Scientists have discovered a new class of taste buds

Scientists have discovered a new class of taste buds. This is stated in a large study by a group of biologists from the University of California, a description of which was published in Phys.org.

A team of scientists determined that numerous opsin proteins, known for decades, which are the main compound of the visual pigment rhodopsin, also function as taste receptors.

In animals, there are many types of sensory proteins that respond to environmental stimuli. Some of them require a strong external stimulus to activate. For the first time, the additional functions of opsin became known back in 2011, when the same scientists discovered that such a protein allows the fruit fly Drosophila melanogaster to detect small temperature changes within a comfortable range. In a new study, scientists concluded that opsin molecules can also be used to detect fine chemical signals through a signal amplification process.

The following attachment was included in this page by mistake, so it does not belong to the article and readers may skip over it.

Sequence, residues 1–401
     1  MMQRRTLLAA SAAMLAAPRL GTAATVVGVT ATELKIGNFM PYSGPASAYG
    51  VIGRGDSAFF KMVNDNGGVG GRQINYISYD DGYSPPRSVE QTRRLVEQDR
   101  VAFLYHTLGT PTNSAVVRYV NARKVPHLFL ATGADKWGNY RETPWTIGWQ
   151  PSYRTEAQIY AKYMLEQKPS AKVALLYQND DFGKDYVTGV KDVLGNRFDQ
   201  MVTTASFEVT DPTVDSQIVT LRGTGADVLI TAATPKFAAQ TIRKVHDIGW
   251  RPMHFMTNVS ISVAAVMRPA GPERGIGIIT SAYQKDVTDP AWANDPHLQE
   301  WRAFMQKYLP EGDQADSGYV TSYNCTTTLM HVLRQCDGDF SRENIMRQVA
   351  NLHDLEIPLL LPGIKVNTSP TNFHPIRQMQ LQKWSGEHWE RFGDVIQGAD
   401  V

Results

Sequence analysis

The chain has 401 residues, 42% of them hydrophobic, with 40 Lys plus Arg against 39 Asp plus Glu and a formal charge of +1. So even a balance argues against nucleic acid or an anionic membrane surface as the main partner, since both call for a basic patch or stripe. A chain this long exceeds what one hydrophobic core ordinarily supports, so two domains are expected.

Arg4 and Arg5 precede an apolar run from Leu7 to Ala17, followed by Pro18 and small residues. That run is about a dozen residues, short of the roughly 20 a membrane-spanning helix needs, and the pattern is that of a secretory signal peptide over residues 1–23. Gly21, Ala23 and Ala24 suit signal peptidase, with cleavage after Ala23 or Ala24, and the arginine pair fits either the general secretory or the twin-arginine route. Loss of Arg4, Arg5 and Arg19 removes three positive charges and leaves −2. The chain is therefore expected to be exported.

During the study, scientists suggested that flies choose between simple sugar and sugar with the addition of diluted aristolochic acid. Flies, of course, refused sugar with the addition of a bitter chemical and ate only pure sugar.



Scientists then grew fruit flies with mutations that prevented them from synthesizing various opsin proteins. They found that flies with defects in any of the three types of opsins could not detect low acid concentrations, so they ate both pure sugar and other substances.

However, such animals were still sensitive to a large amount of aristolochic acid. According to the study, a large amount of a bitter chemical directly activated a protein channel called TRPA1 – it passes calcium and sodium into cells, which leads to a bitter taste that animals avoid.

Researchers have shown that aristolochic acid-activated these opsins by binding to the body in the same way as the retina with rhodopsin. Just as rhodopsins are activated in very low light, which is used as an external stimulus, chemically activated opsins initiate a molecular cascade that amplifies weak signals. This allowed the flies to detect compound concentrations that would otherwise be insufficient to trigger a response in their sensory neurons.

Author: Flyn Braun
Graduated from Cambridge University. Previously, he worked in various diferent news media. Currently, it is a columnist of the us news section in the Free News editors.
Function: Editor
E-mail: Braun.freenews@gmail.com